Hectic (Part 3)

As he walked Raktacolas passed their orders on to his second who produced the current inventory from somewhere on his person. Then they set off to the first of many places they would need to visit in order to make the amendments needed before it could be returned to Trackon. An action that would result in the man reading it and then passing it straight back to them so they could fix any problems before he ordered another inventory the next time he felt the need to keep Raktacolas busy. If that didn’t occur for a while then Raktacolas and his men quietly kept stock of their stores and made sure there was enough to keep the army going.

By the time they finished the sun had passed its zenith and Raktacolas was wishing he had managed to slip away on his hunt when he had chance that morning. Now he was stuck listening to reports on how much grain they had when he’d much rather be hunting, never mind that they needed more meat so any he brought back would be gratefully received. Still they eventually finished and he headed back to Trackon glaring angrily at the guards when they went to stop his second entering with him. They were so surprised at such a reaction that they put up no further resistance and Raktacolas came to be standing before Trackon once more but this time his second stood at his side.

“The inventory,” he said handing over the wax tablet in one smooth movement. Trackon flipped it open and started to read leaving the two men standing at attention before him.

Eventually he put it down and looked up at the two waiting men and had to suppress the smile that tugged at his lips. Standing there the two of them looked so much like the army’s champions that they were decked from head to toe in armour with hands resting on weapon hilts and a steely glint to their eyes. More than that though there was no obvious split between the two of them as you might expect from a man and his second. Instead they stood side by side, each with their body tilted so they could better protect the other if any attack came. Not that an attack was likely this close to the centre of the camp but Trackon suspected it was simply habit and neither was aware of what they were doing anymore. “Everything appears to be in order. Ensure that you fix our supply of meat,” he said at last.

The two men before him nodded and he offered the tablet back to them, not at all surprised when it was Raktacolas’s second who took it. The only writing it contained was his so no doubt it was he who ensured it was kept safe and away from prying eyes. “I believe you are needed in the West camp again,” he told them. He watched as the two men exchanged what could only be an exasperated looked before they left.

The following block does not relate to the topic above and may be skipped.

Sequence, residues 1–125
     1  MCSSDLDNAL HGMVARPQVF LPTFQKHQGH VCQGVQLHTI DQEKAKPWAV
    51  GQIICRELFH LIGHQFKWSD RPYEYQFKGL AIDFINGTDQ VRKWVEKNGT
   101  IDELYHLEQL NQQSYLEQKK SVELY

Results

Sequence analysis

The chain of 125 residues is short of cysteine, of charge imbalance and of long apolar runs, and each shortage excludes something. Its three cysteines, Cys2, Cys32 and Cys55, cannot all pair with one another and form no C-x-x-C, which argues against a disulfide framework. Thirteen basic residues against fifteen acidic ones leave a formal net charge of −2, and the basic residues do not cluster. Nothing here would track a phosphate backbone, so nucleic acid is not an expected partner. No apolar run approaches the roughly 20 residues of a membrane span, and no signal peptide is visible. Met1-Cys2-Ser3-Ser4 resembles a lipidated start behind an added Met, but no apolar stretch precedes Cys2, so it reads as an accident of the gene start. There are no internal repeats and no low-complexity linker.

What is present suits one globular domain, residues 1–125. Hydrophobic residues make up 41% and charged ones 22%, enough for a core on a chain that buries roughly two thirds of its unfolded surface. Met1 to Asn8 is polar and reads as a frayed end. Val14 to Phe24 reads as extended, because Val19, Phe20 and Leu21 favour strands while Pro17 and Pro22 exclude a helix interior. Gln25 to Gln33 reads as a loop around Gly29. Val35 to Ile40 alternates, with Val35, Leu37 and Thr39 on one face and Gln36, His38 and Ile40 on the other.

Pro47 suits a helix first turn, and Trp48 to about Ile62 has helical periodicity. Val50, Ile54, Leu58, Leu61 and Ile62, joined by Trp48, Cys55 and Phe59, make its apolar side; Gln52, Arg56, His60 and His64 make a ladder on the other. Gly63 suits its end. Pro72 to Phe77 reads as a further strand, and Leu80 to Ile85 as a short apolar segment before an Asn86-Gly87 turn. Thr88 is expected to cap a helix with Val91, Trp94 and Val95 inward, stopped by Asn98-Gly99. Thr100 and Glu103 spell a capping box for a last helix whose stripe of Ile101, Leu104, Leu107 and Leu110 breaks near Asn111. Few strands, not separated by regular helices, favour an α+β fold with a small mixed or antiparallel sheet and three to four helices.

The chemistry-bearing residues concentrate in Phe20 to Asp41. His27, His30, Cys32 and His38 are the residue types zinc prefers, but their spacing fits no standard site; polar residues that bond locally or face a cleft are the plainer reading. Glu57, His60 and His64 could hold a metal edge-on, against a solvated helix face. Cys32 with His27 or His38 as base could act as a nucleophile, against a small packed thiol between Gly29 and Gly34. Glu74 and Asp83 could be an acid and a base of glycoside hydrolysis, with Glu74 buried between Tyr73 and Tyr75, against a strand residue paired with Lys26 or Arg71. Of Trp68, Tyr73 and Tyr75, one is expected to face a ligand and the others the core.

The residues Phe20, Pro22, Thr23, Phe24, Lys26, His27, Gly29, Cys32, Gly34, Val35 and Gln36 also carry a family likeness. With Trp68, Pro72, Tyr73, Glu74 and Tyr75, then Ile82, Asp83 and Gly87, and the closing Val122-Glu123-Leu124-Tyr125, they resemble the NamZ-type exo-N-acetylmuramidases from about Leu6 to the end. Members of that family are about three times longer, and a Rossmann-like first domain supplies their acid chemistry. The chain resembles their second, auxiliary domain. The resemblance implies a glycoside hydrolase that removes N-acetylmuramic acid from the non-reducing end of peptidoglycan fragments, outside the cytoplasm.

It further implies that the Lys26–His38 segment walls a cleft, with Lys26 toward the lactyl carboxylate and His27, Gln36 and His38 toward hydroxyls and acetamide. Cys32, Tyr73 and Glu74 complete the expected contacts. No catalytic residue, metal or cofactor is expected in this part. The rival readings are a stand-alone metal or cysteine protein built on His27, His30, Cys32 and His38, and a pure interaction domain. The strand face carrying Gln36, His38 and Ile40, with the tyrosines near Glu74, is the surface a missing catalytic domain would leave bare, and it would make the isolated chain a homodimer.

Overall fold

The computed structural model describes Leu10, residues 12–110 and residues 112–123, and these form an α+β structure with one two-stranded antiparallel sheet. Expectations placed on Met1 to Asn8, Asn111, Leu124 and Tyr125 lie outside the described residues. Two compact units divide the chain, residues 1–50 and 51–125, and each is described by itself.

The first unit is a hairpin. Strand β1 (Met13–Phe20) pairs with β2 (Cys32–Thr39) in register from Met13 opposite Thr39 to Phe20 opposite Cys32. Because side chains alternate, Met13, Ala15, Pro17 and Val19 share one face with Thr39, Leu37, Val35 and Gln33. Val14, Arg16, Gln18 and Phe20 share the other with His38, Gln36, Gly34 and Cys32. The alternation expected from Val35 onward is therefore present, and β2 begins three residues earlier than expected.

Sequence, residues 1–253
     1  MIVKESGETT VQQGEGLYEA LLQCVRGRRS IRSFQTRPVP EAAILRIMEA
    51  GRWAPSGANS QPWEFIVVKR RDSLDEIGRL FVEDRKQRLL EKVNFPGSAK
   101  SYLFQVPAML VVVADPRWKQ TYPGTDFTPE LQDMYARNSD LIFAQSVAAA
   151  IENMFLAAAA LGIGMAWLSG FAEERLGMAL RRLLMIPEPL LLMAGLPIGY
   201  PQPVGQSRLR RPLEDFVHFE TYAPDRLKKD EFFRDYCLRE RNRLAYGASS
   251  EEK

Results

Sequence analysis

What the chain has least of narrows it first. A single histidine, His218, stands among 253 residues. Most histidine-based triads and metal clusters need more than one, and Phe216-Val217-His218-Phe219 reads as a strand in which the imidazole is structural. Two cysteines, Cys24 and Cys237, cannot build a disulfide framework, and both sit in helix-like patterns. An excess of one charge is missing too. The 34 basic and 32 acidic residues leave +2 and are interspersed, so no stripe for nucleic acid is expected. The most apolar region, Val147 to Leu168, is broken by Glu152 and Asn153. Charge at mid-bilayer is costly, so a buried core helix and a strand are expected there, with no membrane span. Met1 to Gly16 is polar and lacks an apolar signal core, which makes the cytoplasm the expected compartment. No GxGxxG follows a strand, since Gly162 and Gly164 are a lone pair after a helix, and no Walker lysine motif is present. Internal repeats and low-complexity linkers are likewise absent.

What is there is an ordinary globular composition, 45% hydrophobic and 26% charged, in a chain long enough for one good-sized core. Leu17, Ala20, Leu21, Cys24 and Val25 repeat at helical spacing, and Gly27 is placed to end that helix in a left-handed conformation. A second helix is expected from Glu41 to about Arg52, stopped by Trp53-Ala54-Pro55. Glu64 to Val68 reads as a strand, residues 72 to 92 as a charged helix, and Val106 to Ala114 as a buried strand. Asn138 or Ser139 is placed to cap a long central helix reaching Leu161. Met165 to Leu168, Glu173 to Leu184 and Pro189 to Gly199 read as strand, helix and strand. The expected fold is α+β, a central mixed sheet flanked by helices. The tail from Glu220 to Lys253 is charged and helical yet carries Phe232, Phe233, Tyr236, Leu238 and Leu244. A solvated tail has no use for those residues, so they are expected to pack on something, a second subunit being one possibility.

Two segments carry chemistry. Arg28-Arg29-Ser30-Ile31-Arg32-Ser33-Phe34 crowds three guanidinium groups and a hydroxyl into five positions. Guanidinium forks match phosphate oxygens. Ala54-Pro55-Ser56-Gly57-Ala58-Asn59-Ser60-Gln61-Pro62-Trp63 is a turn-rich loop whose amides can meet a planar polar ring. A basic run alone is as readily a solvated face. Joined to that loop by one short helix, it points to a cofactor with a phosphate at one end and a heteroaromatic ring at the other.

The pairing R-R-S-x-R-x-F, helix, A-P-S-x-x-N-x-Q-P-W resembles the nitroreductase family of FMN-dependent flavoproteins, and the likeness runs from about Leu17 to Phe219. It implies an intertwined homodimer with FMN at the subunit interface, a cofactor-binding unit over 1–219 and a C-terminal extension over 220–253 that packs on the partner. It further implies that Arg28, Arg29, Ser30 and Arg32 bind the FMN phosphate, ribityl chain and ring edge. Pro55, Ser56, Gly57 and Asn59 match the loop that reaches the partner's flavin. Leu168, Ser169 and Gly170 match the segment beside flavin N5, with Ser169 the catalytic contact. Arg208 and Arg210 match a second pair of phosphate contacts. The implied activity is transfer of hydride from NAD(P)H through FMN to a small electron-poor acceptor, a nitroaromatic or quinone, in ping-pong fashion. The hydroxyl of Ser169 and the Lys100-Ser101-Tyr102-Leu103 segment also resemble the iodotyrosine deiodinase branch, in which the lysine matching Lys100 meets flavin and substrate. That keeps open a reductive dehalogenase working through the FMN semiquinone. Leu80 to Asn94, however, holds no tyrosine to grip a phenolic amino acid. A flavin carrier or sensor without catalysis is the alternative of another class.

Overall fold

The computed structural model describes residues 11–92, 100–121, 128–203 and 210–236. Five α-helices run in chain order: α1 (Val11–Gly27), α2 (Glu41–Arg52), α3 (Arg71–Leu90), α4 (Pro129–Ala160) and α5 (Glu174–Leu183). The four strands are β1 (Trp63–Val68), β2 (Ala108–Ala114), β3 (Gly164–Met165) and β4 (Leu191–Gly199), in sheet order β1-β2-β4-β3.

Raktacolas stopped just outside the tent to exchange a few words with the guards making sure to keep his uncharacteristic temper under wraps. They joked for a few minutes before he begged their leave due to another disturbance in the West camp and they waved him on saying they wouldn’t keep him from his duties. He was glad he’d made the effort though because they looked considerably more at ease when he left than they had when he’d first emerged from the tent.

When Raktacolas and his second arrived at the West camp it was to find that their tents had been set up but in the process the three mercenary factions had found something new to argue about. Namely exactly where their tents should go as they all battled for the prestige of being closest to the hero of the army. And so began the rest of Raktacolas’s day as he set about reorganising the whole camp to ensure that no faction fared better than any other and by the time he had done so and watched the last tent be re-erected dusk had fallen.

With a sigh he headed into his tent to place the hunting bow, he had been carrying in hope, back into its chest before going in search of food. It appeared that today wouldn’t be a day for leisure and now that night had fallen there was no chance of even a quick hunt. Instead he resigned himself to hunting on the morrow if he wasn’t dragged away by duty again. As he ate his second came to sit beside him. “It has been organised that due to a need for meat stores our company shall be heading into the forest to hunt,” the man said with a grin. A grin that only grew bigger upon seeing his leader’s face at the news. “Next time you want to get out of the camp, tell me,” he whispered conspiratorially making his commander laugh. So maybe there was no hunting today but tomorrow he would be able to escape with his men on what promised to be a considerably more entertaining trip although not as quiet.


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